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UPDATE: NLRB Vacates Hy-Brand Joint Employer Decision; Browning-Ferris Is Back In Play

Published by and on April 12, 2018

The Board unanimously vacates recent Hy-Brand decision after ethics official report faults Board member for improperly participating in the case.

In December 2017, the National Labor Relations Board (“Board”), issued a decision in Hy-Brand Industrial Contractors, Ltd. and Brandt Construction Co. v. Dakota Upshaw et al., reversing the joint employment standard set forth in its earlier Obama-era Browning-Ferris decision. Much to the elation of many employers, the Board’s Hy-Brand decision reinstated the old joint employer standard requiring that a putative employer have actual control over employment matters that are “direct and immediate” based on the actual practice of the parties to be joint employers. The Board’s Hy-Brand decision is discussed in more detail here. After less than three months, however, the Board vacated its decision in Hy-Brand, effectively reinstating the Browning-Ferris joint employer standard.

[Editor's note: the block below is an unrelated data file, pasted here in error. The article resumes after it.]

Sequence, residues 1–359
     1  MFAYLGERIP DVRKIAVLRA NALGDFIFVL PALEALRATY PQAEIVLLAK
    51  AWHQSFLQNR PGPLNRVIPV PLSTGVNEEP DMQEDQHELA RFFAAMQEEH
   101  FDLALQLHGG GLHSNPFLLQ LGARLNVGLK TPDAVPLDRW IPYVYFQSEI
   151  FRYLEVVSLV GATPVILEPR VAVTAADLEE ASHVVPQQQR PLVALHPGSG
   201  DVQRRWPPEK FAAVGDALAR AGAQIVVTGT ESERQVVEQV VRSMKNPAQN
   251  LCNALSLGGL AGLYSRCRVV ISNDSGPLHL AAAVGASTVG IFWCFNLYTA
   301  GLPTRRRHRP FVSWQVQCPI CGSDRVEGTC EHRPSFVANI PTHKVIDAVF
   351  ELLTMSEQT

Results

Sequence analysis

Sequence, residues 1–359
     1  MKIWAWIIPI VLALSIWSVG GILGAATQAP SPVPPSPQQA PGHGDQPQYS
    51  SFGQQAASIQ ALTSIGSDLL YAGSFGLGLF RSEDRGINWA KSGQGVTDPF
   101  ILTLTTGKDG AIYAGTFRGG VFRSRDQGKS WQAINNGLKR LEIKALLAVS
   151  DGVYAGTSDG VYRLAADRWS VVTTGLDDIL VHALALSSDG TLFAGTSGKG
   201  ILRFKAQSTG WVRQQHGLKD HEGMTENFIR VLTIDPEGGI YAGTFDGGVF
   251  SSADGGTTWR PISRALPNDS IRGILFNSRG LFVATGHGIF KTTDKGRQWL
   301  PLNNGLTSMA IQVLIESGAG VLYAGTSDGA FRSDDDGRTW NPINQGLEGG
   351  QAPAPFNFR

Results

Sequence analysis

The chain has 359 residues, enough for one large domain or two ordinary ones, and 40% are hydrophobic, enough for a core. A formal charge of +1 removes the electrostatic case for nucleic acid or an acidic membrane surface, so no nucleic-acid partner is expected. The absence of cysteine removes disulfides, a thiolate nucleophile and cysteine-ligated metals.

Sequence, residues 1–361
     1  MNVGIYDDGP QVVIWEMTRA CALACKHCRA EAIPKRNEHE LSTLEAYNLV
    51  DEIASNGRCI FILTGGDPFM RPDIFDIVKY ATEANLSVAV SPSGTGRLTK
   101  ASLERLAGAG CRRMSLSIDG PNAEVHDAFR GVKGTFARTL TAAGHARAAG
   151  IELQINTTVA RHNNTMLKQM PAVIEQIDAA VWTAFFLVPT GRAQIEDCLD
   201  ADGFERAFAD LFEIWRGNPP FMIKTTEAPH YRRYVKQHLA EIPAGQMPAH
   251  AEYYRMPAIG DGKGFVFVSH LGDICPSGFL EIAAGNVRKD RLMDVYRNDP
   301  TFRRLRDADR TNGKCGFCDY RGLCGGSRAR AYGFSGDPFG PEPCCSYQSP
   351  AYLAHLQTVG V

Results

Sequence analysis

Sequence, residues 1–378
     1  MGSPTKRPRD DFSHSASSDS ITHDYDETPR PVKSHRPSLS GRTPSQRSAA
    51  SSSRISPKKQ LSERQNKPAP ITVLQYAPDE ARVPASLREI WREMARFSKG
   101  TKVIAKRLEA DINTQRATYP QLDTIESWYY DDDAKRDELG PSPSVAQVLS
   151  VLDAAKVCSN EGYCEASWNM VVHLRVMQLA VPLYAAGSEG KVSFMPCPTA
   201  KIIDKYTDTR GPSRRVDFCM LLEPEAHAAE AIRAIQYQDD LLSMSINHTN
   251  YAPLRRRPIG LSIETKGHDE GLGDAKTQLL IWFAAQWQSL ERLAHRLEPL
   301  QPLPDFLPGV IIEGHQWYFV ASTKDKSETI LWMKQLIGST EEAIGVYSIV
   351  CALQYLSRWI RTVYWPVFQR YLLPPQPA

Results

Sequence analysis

On February 26, 2018, the Board issued an order vacating the Hy-Brand decision in light of a determination by the Board’s Designated Agency Ethics Official that one of the voting members, William Emmanuel, should have been disqualified from participating in the Hy-Brand proceeding. As the decision and order in Hy-Brand was vacated, the Board stated that “the overruling of the Board’s decision in Browning-Ferris…is of no force or effect.” This means that the Browning-Ferris joint employer standard is back in play. Under the Browning-Ferris standard, an entity may be held a joint employer if (1) it reserves authority to control terms and conditions of employment, even if not exercised, or (2) it exerts indirect control over workers. This standard has been controversial, as it greatly expands potential joint employer liability for franchisors and contractors under the National Labor Relations Act.

Welter Insight

Although Browning-Ferris is back, the Board’s decision to vacate Hy-Brand will likely be revisited as party power continues to shift under the current executive administration. In this time of uncertainty, however, employers must accept and plan accordingly under the much broader joint employer standard set out by Browning-Ferris.

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